Minorities in cartoons: Toni Topaz

Toni Topaz

This week’s minorities in cartoons entry is Toni Topaz, a supporting character in Archie Comics. Toni‘s first appearance was in “Jughead Double Digest” #176 (February 2012). Toni was created by Tom DeFalco and Ron Frenz. Toni’s an African-American girl whose signature look is her pink hair and preference for purple clothing. Her initial appearance states she … Read more

Minorities in cartoons: Trev Smith

Trev Smith

This week’s minorities in cartoons entry is Trev Smith of Archie Comics. Trev (short for “Trevor”) first appeared in “Archie” #631 (May 2012) and was created by artist/writer Dan Parent. Trev was introduced as the younger brother of Valerie of “Josie and the Pussycats” fame. (The introductory story seems to establish the Pussycats as being post-high schoolers/college aged, … Read more

Minorities in cartoons: “Girls With Slingshots”

Girls With Slingshots

This week’s minorities in cartoons entry is “Girls With Slingshots,” a webcomic that’s been running since 2004. “Girls” is created by Danielle Corsetto, and runs on weekdays. The strip revolves around its two main characters, Jamie McJack (pictured above, left) and Hazel Tellington (pictured above, right), two friends who deal with various slice-of-life situations, including … Read more

Minorities in cartoons: “Tutenstein”

Tutenstein

This week’s minorities in cartoons entry is “Tutenstein,” a cartoon that ran on the Discovery Kids cable channel (now Discovery Family, by way of The Hub) from 2003 to 2008. The series’ premise is centered around its eponymous star, whose real name is “Tutankhensetamun,” a play on the name of real-life Egyptian pharaoh Tutankhamen (the famous “King … Read more

Minorities in cartoons: Dr. Hibbert

Dr. Hibbert

This week’s minorities in cartoons entry is Dr. Julius Hibbert, a supporting character on “The Simpsons.” Dr. Hibbert first appeared in the second season episode “Bart the Daredevil,” and is voiced by Harry Shearer. Dr. Hibbert’s a loose parody of Bill Cosby’s character from “The Cosby Show,” Dr. Huxtable. As such, Dr. Hibbert’s good natured, though … Read more

Amazon places racial stereotype warnings in front of “Tom and Jerry” shorts

Tom and Jerry

News recently broke that Amazon’s begun to place a warning in front of its Prime Instant video streaming service’s “Tom and Jerry” shorts. The warnings, which are pretty much the exact same ones that the collector-oriented Looney Tunes Golden Collection DVD sets have had for years (as well as a few “Tom and Jerry” DVD sets), … Read more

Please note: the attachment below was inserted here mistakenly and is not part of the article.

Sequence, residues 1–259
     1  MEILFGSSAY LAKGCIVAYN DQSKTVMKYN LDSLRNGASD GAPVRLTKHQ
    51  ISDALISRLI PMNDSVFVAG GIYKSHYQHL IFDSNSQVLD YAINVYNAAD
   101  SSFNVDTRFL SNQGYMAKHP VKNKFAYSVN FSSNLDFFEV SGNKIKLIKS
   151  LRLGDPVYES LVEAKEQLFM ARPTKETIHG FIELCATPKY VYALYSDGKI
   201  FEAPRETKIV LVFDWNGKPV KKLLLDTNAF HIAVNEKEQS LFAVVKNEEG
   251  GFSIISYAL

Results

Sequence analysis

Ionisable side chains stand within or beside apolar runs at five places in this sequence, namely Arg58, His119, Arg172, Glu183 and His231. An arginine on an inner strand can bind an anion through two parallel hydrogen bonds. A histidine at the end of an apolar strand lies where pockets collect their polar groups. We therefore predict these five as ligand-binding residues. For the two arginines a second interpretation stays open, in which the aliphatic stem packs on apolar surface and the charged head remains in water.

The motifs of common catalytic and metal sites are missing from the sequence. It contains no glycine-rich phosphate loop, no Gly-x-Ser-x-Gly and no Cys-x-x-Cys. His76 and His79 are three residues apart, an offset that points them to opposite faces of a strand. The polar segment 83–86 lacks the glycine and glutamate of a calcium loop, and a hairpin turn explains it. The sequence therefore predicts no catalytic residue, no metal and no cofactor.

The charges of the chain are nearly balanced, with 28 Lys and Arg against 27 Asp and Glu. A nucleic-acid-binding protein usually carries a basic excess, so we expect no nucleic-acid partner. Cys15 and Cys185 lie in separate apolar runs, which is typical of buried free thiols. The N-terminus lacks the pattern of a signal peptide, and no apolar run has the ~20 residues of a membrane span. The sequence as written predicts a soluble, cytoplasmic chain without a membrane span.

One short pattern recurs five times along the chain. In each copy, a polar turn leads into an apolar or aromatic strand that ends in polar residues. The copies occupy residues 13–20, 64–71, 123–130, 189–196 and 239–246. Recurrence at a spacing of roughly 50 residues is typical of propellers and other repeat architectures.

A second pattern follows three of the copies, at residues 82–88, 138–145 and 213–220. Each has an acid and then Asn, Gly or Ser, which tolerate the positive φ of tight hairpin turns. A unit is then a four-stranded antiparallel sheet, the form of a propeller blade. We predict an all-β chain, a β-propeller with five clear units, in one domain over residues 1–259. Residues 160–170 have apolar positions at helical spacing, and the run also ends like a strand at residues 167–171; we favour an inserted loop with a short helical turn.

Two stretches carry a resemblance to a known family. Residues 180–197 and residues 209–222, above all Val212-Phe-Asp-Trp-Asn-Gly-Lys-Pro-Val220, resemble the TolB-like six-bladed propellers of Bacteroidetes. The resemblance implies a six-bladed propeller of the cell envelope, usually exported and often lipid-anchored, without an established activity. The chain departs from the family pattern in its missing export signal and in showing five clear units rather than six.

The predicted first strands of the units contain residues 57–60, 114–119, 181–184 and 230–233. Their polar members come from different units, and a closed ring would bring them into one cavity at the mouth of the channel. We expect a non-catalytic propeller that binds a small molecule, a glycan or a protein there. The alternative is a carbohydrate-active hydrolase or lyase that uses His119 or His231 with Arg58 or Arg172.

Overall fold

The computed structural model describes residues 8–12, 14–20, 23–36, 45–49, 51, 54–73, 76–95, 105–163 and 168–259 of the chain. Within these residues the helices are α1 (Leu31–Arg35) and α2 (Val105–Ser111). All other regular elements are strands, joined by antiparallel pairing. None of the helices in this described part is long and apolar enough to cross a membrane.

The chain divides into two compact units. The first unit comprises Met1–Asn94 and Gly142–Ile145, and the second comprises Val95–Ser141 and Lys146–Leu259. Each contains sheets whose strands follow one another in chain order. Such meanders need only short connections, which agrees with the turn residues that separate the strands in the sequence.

Minorities in cartoons: “Unshelved”

Too Much Information

This week’s minorities in cartoons entry is the webcomic “Unshelved.” The strip’s written by Gene Ambaum and drawn by Bill Barnes, and debuted in 2002. “Unshelved” features the daily goings-on at the “Mallville Public Library” and its staff of librarians. (Wikipedia claims the library’s name is a play on “Smallville” of Superman fame.) The strip makes fun of … Read more

Minorities in cartoons: Jakeem Thunder

Jakeem Thunder

This week’s minorities in cartoons entry is Jakeem Thunder. Jakeem first appeared (under his original name “J.J. Williams”) in “The Flash” (vol. 2) #134 in February 1998, and was created by Grant Morrison, Mark Millar and Paul Ryan. Jakeem’s backstory states he grew up in Keystone City, the home of the original Flash (Jay Garrick) and … Read more

Minorities in cartoons: “Daria”

"Daria" logo

This week’s minorities in cartoons entry is the TV series “Daria.” A spinoff of “Beavis and Butt-Head,” “Daria” aired on MTV from 1997 to 2002. The series starred Daria Morgendorffer, an acerbic, cynical teenager who, in this spinoff, is shown moving from the fictional blue-collar town of Highland (the setting of “Beavis and Butt-Head”) to … Read more

Minorities in cartoons: Clay Walker

Clay Walker and Kevin Keller's wedding

This week’s minorities in cartoons entry is Clay Walker, a character in Archie Comics. (SPOILERS aplenty about the “Life With Archie” series below…) Clay exists in Archie’s “Life With Archie” series, which has just concluded as of this writing. The series presented the Archie gang as twentysomethings. Each issue featured two different alternate futures: one … Read more